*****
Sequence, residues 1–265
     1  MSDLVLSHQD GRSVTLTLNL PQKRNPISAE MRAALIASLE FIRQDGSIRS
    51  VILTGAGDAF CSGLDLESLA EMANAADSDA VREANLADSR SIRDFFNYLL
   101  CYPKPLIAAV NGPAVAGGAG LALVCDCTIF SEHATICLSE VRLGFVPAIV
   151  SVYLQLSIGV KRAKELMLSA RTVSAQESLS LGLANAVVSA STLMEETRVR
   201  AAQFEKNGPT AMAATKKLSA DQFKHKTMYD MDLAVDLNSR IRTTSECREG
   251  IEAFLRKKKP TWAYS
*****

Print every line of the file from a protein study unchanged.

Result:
Sequence, residues 1–265
     1  MSDLVLSHQD GRSVTLTLNL PQKRNPISAE MRAALIASLE FIRQDGSIRS
    51  VILTGAGDAF CSGLDLESLA EMANAADSDA VREANLADSR SIRDFFNYLL
   101  CYPKPLIAAV NGPAVAGGAG LALVCDCTIF SEHATICLSE VRLGFVPAIV
   151  SVYLQLSIGV KRAKELMLSA RTVSAQESLS LGLANAVVSA STLMEETRVR
   201  AAQFEKNGPT AMAATKKLSA DQFKHKTMYD MDLAVDLNSR IRTTSECREG
   251  IEAFLRKKKP TWAYS